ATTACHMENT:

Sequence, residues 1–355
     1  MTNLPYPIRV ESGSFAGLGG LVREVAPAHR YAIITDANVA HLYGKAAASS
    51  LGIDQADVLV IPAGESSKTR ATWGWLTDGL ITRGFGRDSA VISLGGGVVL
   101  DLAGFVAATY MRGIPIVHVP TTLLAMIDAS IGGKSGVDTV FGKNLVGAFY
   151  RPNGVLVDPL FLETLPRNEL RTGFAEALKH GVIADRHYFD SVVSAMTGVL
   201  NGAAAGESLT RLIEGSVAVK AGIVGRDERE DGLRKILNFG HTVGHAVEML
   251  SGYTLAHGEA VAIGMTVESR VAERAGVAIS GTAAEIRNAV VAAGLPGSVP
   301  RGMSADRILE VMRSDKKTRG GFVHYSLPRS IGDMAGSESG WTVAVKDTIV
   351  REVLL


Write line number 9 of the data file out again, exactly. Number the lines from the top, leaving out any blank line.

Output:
   351  REVLL